The Missing Envoy


I’m watching Hillary Clinton announce the appointment of George Mitchell as a special envoy to the Israeli-Arab conflict, and Richard Holbrooke as a special envoy to India-Pakistan. Both excellent choices. Also interesting is that Dennis Ross, who’d been widely rumored to be a third envoy—tasked with Iran—wasn’t at the event. Perhaps the President and Secretary of State are having some doubts about Ross? I have some doubts myself. After leaving the Clinton administration, where Ross was widely criticized in the Arab world for being too tight with the Israeli side during the Camp David process, Ross went to the Washington Institute for Middle East Policy, a pretty neoconnish outfit. More recently, he was a member of a task force that recently released a report on Iran policy whose lead author was the very neoconnish Michael Rubin. The report’s basic point of view was that talks with Iran are fine and well, but the basic point of holding such talks would be to garner more support for military action—not to actually produce a breakthrough.

Ross’s recent writing and speaking on Iran hasn’t been terribly clear, but I don’t see much of anything in it to suggest that he’s optimistic about the idea of diplomatic engagement leading to real results. He told The Jerusalem Post on April 17, 2007 “I favor engaging Iran, but only if it is guided by an understanding that penalties more than inducements are the key to altering the Iranian position.” The general view isn’t against diplomatic engagement, but it’s primarily oriented toward the idea that engagement will help persuade allies to engage in more coercion, not that the engagement should be undertaken in good faith in the way I took Obama to have been arguing during the campaign. And while skeptical about the use of unilateral preventive military force in Iran, Ross believes it—rather than deterrence—to be the best option if diplomacy fails. He’s written that “the alternative of using force to prevent or forestall the Iranians’ going nuclear does not look much better” than letting Iran go nuclear. But he does think it’s better.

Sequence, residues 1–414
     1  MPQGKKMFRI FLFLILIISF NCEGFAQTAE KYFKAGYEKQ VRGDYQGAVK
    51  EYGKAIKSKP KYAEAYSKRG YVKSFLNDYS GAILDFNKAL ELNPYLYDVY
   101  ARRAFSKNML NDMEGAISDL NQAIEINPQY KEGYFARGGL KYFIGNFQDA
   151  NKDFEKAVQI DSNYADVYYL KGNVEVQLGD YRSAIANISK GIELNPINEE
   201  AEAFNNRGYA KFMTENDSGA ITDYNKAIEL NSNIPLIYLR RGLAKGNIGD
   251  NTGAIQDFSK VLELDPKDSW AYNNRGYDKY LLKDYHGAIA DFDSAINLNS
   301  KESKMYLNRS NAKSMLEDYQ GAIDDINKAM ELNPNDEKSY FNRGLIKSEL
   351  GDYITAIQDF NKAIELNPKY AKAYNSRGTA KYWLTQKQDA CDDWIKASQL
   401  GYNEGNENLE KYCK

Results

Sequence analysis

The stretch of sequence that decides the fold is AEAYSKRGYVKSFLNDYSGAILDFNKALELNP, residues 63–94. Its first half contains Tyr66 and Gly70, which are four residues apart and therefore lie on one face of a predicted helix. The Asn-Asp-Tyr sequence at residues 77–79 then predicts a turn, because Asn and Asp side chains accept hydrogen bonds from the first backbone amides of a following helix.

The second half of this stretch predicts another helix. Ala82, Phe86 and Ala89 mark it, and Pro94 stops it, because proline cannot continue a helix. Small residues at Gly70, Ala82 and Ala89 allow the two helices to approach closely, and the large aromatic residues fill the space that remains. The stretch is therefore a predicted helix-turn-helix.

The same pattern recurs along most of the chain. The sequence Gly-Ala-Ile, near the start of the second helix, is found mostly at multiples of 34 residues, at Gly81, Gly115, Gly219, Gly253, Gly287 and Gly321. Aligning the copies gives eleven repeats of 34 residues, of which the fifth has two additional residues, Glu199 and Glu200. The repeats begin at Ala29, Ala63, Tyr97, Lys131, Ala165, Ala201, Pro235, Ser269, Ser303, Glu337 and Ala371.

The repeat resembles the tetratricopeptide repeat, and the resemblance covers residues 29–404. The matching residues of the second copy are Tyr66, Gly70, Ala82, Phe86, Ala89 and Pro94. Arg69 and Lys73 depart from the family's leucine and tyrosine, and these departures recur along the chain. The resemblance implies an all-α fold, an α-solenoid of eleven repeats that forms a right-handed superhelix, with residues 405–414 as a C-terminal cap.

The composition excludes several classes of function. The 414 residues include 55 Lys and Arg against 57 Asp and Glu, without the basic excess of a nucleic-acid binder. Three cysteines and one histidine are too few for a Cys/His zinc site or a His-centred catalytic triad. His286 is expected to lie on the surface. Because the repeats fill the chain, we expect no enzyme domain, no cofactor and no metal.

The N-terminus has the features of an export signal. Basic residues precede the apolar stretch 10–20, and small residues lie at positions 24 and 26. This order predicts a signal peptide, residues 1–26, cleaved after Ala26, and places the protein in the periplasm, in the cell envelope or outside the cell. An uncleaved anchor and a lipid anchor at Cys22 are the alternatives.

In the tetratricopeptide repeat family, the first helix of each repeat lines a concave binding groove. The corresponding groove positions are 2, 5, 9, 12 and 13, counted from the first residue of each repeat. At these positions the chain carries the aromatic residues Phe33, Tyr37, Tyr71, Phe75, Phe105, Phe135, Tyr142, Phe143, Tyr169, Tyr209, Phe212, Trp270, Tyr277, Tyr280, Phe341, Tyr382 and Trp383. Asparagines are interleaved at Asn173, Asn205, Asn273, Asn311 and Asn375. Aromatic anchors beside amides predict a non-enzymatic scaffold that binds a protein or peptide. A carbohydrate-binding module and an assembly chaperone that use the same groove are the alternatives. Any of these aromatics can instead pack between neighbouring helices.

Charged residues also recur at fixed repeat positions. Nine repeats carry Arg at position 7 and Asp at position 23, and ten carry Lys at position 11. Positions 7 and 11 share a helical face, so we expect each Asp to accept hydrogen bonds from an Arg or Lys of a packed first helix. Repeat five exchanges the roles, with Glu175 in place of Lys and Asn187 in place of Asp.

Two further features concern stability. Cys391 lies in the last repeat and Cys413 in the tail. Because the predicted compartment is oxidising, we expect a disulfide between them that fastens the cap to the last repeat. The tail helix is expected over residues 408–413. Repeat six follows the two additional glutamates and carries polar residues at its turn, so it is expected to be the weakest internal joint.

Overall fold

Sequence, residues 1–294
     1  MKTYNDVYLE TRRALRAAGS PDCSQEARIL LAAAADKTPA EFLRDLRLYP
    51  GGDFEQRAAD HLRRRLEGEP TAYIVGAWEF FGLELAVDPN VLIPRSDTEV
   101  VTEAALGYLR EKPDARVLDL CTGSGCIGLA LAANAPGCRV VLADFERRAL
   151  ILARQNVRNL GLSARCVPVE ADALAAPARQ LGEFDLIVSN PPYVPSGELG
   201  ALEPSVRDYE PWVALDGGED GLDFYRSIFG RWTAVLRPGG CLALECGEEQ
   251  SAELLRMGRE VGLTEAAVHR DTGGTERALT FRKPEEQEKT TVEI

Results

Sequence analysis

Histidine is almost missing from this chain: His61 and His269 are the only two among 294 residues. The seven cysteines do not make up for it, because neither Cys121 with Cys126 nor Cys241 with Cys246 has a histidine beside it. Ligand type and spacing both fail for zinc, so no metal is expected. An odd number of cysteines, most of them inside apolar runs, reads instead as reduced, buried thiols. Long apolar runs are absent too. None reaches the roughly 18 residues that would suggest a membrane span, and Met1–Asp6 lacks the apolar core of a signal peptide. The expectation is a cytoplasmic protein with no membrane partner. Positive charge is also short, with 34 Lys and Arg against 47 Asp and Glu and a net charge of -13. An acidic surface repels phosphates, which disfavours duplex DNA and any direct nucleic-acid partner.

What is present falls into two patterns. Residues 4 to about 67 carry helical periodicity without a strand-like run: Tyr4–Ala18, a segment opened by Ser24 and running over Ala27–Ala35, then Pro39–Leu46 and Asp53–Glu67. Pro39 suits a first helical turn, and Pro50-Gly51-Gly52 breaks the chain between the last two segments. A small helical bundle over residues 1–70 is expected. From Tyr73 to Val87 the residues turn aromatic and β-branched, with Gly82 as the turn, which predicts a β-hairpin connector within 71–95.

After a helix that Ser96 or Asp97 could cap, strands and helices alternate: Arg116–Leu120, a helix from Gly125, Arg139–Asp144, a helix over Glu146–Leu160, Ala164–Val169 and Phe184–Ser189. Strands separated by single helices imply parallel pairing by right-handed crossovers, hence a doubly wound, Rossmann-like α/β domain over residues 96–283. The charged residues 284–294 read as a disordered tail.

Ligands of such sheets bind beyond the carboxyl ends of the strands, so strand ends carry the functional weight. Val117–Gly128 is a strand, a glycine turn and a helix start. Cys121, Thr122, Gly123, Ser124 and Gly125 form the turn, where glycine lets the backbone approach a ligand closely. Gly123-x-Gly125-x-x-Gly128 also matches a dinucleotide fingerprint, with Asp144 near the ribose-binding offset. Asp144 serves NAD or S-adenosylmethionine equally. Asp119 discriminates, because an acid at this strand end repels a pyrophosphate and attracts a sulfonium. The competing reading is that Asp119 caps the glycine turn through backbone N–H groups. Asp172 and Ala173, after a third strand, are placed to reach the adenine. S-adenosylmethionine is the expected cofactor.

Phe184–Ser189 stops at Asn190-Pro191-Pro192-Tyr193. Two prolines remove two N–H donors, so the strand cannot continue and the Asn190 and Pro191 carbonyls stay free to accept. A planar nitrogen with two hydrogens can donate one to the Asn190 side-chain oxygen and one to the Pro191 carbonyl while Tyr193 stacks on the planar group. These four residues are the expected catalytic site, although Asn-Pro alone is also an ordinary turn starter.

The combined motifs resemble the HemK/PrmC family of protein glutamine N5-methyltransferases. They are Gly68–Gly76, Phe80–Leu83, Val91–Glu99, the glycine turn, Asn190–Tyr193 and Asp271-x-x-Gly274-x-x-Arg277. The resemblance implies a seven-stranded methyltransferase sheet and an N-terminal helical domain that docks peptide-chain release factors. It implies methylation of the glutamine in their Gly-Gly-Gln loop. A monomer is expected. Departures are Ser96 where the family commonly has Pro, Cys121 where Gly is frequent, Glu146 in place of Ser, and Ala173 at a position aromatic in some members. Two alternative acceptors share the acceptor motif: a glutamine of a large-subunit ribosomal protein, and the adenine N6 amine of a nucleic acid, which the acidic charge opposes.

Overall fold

And he’s wrong. As Joe Cirincione and Andrew Grotto wrote in their CAP report “Contain and Engage”, “The third option, to conduct military strikes against Iran’s known nuclear facilities, is the option least likely to achieve U.S. national security objectives.” You can see Cirincione and Grotto talk about contain and engage, which I think is close to the strategy Obama articulated during the campaign, here:

This isn’t wildly inconsistent with what Ross has written—as I’ve said, I don’t think he’s been terribly clear—but it’s important that before any envoy is appointed the president make sure he’s on board with a serious, good-faith effort to negotiate a resolution to the nuclear standoff and not just use negotiations as a PR ploy.